If you've ever tuned into the weather channel, you might have heard the term 'pressure' thrown around. High and low pressure impact the type of weather you might experience and help meteorologists – the scientists who study weather patterns – determine your weather forecast. But what exactly is the difference between low pressure and high pressure? What does 'pressure' mean when discussing the weather?
What Is Atmospheric Pressure?
When you step outside and take a deep breath of fresh air, you probably don't feel much pressure bearing down on you from the sky. Air doesn't exactly seem like a 'heavy' element. However, the atmosphere contains many different types of gases all stacked together, and those gases exert pressure. Though you might not be able to feel that pressure, the layers of gas in the atmosphere exert nearly 15 pounds of pressure on your body!
The amount of air pressure in any given location on earth isn't the exact same. Air pressure varies based on where you are, and different areas have different air pressure levels. This results in high and low pressure systems and impacts the weather in a region.
Low Pressure System Characteristics
When you see a weather forecast, you might see the standard low pressure system symbol – a red 'L.' Meteorologists use this symbol to indicate an area with lower air pressure than the surrounding regions. In a low pressure system, the air has a lower density than the surrounding regions. The higher density air around the low pressure system moves into the area of lower pressure, resulting in a suction-like effect with the air rising in the center.
Typically, low pressure system characteristics involve undesirable weather. High winds, storms and even hurricanes are associated with low pressure systems. These types of systems can also result in a low pressure front where a mass of lower-pressure warm air meets a mass of higher-pressure cold air.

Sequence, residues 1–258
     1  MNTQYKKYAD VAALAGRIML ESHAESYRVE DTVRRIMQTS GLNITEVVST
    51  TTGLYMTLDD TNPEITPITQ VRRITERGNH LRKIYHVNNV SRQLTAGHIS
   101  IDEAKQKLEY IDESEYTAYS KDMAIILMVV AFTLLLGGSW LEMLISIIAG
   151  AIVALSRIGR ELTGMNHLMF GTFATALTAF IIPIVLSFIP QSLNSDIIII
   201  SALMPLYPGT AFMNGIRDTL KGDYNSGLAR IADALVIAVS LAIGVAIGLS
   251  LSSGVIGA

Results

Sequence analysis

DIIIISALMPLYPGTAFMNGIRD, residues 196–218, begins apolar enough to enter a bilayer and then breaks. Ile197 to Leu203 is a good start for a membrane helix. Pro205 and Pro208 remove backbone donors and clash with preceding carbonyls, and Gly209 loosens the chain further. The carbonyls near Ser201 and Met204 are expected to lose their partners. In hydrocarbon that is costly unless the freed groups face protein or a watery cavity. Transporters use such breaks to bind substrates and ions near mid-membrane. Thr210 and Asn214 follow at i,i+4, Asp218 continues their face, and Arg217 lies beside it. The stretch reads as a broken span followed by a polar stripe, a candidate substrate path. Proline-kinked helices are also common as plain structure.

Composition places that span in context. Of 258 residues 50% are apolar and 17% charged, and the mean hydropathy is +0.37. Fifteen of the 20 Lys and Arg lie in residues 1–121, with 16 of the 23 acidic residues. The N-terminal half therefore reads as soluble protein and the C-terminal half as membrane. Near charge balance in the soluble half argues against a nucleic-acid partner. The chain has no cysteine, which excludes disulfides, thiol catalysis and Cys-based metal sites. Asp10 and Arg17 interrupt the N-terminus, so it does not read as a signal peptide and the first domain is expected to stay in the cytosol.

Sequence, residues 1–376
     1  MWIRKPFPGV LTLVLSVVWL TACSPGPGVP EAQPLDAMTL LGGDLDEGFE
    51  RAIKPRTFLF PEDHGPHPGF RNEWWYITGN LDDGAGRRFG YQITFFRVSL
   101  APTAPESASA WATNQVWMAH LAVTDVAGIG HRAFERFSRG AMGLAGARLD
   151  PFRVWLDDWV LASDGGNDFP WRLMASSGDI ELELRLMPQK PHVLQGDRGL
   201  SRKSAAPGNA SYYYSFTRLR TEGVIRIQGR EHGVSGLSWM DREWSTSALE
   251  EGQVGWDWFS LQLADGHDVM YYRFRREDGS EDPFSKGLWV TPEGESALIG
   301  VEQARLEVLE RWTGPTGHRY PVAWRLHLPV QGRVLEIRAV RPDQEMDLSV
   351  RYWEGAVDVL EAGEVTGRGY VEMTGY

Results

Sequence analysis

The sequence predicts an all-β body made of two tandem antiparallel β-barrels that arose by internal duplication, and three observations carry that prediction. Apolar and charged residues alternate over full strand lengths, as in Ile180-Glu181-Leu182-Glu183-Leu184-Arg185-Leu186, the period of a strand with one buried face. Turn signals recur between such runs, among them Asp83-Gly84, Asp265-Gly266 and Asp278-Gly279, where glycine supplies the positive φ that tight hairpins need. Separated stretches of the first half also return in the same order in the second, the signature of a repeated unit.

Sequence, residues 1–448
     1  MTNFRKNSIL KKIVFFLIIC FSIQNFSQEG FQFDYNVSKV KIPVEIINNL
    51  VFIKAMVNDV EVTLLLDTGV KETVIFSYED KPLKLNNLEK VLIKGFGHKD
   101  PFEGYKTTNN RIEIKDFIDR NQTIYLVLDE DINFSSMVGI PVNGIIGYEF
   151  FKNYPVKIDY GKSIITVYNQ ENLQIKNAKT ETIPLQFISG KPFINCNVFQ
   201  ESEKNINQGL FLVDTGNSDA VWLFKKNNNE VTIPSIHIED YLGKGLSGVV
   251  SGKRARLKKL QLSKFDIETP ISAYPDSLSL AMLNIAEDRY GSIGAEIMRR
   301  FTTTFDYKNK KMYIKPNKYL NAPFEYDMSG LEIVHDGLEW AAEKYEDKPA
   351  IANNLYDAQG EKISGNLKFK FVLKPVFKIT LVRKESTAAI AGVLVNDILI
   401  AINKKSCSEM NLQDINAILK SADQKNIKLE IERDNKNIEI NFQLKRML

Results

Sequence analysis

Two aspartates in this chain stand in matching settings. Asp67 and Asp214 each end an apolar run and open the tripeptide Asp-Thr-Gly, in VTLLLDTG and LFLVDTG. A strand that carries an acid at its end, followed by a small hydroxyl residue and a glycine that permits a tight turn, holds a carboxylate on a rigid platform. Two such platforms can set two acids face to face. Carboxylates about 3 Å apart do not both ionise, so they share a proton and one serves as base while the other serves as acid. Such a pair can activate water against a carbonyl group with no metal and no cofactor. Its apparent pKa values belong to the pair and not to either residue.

High Pressure System Characteristics
Where a low pressure system sucks air towards it, a high pressure system pushes air away from it into regions with lower air density. The air above these systems sinks towards the center, and the winds push outwards. High pressure system characteristics generally include desirable weather and clear skies. Weather forecasts use a blue 'H' to represent high pressure systems in their forecasts.
High Pressure System vs. Low Pressure System
High pressure systems and low pressure systems have a few important distinctions. A high pressure system and a low pressure system produce different weather conditions. High pressure systems typically result in clear skies, light winds and fair conditions. In contrast, low pressure systems often result in cloudy skies, heavier winds and sometimes also result in stormy weather. For example, all hurricanes have low air pressure in the center, or eye, of the storm.
In the high pressure system vs. low pressure system equation, air direction also factors into the difference between the two types of systems. The air in the center of a high pressure system sinks towards the ground and moves outward. In a low pressure system, the air in the center raises upward and the surrounding air moves inward towards the center of the system.
The direction the air circulates also differs based on the system and the hemisphere. In the Northern Hemisphere, the air flows clockwise in high pressure systems and counter-clockwise in low pressure systems. The reverse occurs in the Southern Hemisphere.
In the Southern Hemisphere, high pressure systems move counter-clockwise and low pressure systems move in a clockwise direction. This phenomenon occurs due to the rotation of the earth, known as the Coriolis Effect.
- National Oceanic and Atmospheric Administration: What are High and Low Pressure Systems?
- University Corporation for Atmospheric Research: Center for Science Education: The Highs and Lows of Air Pressure
- Seattle Pi: Compare and Contrast High and Low Pressure Systems
- Weather Wiz Kids: Weather Forecasting
- National Oceanic and Atmospheric Administration - National Weather Service: Basic Discussion on Pressure
About the Author
Marina Somma is a freelance writer and animal trainer. She holds a B.A. in Psychology and a B.S. in Marine and Environmental Biology & Policy from Monmouth University. Marina has worked with a number of publications involving animal science, behavior and training, including animals.net, SmallDogsAcademy and more.